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The Clinical and Legal Mythology of Anti-Amalgam

Michael J. Wahl, D.D.S.

Myth #2: The majority of clinically sound amalgam restorations have
recurrent caries; the majority of resin composite restorations do not.

Fact #2: The vast majority of amalgam restorations do not have recurrent caries.

Those who are opposed to the use of amalgam often claim that a large number of clinically sound amalgam restorations have recurrent caries underneath them and that resin composite restorations should therefore be preferred. Van Dyke stated, "Almost every amalgam I remove has decay or structural fractures of the tooth." [1] Dickerson stated, "Over 40 percent of the amalgams deemed in good clinical shape had caries under them." [2] No studies were cited in the article, but in a personal communication (February 3, 2000), Dickerson cited two studies.

In the first study, Kidd and O'Hara sectioned and histologically examined 30 extracted teeth with marginally defective occlusal amalgam restorations and no clinical evidence of caries. They reported that 54% of the specimens had "microscopic" caries [3]. In the second study, Boston et al microscopically examined two margins for caries on each of 17 teeth extracted for periodontal or prosthetic reasons. The examined teeth showed no clinical evidence of caries. Of the 34 margins, 14 (41%) had microscopic caries [4].

These studies are of little clinical relevance to the issue of whether amalgam restorations have recurrent caries. The caries in both studies was diagnosable only microscopically and then only after histologic and longitudinal sectioning of the tooth ­ a clinical impossibility. The caries could not be reliably detected with dye staining [4]. If a dentist were to replace an amalgam restoration because it had microscopic caries, it would be clinically impossible to locate the caries during preparation.

There are other reasons not to infer from these laboratory studies of only 17 and 30 extracted teeth that 41% or 54%, respectively, of all amalgam restorations have active caries. The authors of these studies did not make such an assertion. In fact, Kidd and O'Hara noted that "demineralization was slight, no lesion having progressed to cavitation," hypothesizing that the microscopic caries was arrested [3].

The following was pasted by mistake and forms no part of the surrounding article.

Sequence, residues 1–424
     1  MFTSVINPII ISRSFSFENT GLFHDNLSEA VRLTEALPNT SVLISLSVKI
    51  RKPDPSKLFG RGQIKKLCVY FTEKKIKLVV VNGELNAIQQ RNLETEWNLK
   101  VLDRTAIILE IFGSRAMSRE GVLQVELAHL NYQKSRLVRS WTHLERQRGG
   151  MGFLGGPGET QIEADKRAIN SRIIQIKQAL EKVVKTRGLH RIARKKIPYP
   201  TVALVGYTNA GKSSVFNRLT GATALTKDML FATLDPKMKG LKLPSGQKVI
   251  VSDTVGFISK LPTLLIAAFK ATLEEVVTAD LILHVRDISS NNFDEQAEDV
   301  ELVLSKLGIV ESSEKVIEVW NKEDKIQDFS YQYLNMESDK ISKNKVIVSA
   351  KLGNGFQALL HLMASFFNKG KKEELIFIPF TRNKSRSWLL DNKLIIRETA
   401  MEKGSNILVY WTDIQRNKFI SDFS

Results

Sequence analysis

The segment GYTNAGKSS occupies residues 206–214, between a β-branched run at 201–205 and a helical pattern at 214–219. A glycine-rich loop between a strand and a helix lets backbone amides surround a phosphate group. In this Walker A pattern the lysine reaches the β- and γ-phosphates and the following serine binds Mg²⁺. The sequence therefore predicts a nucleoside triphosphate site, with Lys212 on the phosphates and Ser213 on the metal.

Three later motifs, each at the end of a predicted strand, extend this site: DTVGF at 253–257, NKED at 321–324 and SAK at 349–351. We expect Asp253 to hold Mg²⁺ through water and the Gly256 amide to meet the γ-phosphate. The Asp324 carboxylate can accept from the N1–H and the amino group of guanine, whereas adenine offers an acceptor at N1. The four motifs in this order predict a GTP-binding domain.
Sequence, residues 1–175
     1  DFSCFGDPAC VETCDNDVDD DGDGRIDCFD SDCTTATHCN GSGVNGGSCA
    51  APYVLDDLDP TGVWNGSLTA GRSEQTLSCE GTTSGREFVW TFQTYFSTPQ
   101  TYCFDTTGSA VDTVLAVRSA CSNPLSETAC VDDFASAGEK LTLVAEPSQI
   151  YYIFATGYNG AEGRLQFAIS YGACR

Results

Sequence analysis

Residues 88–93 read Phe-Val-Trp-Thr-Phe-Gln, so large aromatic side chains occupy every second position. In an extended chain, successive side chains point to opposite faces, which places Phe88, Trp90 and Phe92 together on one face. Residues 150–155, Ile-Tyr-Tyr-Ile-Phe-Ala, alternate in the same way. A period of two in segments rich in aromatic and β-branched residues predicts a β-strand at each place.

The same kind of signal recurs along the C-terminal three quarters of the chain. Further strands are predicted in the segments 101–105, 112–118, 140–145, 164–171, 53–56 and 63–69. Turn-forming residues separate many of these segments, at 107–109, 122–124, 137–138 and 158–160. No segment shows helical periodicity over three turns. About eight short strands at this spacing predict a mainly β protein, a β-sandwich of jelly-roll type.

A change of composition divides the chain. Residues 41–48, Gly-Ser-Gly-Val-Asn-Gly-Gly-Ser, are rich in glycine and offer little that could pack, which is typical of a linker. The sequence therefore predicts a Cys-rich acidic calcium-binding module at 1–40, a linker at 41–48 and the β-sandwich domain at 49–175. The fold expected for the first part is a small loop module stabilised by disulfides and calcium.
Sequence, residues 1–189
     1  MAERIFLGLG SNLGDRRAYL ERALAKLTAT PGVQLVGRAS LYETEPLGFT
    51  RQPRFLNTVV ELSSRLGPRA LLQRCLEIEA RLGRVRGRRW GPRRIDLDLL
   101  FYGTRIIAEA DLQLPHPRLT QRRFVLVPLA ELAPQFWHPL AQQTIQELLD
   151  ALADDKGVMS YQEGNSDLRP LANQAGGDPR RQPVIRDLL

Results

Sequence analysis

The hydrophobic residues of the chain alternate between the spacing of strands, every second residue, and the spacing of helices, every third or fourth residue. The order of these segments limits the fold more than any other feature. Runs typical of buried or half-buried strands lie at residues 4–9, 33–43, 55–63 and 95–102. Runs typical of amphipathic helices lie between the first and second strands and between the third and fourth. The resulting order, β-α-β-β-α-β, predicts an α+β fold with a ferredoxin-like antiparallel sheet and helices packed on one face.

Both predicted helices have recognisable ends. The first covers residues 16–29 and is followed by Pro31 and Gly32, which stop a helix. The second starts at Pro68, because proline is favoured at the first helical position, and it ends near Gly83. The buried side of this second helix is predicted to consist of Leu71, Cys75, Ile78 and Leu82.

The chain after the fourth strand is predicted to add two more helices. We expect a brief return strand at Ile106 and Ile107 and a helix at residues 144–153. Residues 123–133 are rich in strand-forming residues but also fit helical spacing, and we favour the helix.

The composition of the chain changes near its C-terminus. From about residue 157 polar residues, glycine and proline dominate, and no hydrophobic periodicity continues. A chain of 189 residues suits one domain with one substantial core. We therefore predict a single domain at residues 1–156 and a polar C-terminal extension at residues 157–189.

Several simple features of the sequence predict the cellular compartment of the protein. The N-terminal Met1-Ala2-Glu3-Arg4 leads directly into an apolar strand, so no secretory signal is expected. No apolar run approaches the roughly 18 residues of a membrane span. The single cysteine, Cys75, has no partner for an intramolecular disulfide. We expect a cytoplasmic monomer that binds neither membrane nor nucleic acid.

The teeth in both studies were visually inspected for caries, but radiographs were not taken before the microscopic examinations. Dickerson stated that the teeth were "deemed in clinical shape," but most practitioners do not consider teeth with radiographically visible caries to be "clinically acceptable" even if the teeth have no clinically visible caries. The dental histories were not clear. In the first study, the teeth had been extracted for periodontal or prosthetic reasons, but virtually all extracted restored molars are extracted for one of those two reasons. No dental history was reported in the second study. It is therefore unknown how long the amalgams were functioning or what kind of home care the patients had. If most teeth were extracted for periodontal reasons, it is probable that the group of patients whose teeth were used in the study had larger amounts of plaque than do other patients with amalgam restorations.

Based on the year the study by Kidd and O'Hara [40] was published (1990) and the fact that the amalgam restorations were probably in service for years before extraction, the amalgam probably was not bonded. Amalgam bonding has been shown to decrease microleakage [5] as much as resin composite bonding [6]. The decrease in microleakage decreases the incidence of caries [7].

For these reasons, the results of these studies cannot be extrapolated to the general population of patients with amalgam restorations. More importantly, these studies do not prove superiority of nonamalgam alternative restorative materials because there were no non-amalgam (resin composite or cast gold) controls in either study. In a 1989 comparative study of laboratory-induced caries, microscopic caries was significantly more common in teeth with resin composite restorations than in teeth with amalgam restorations [8]. Perhaps microscopic caries after histologic cross-sectioning is common with restorations of all types, and not just in teeth with marginally defective amalgam restorations. In another study in 1990, Kidd et al. showed that much "recurrent" caries is actually residual caries left at the time of preparation, which would have nothing to do with the material chosen to fill the cavity [9].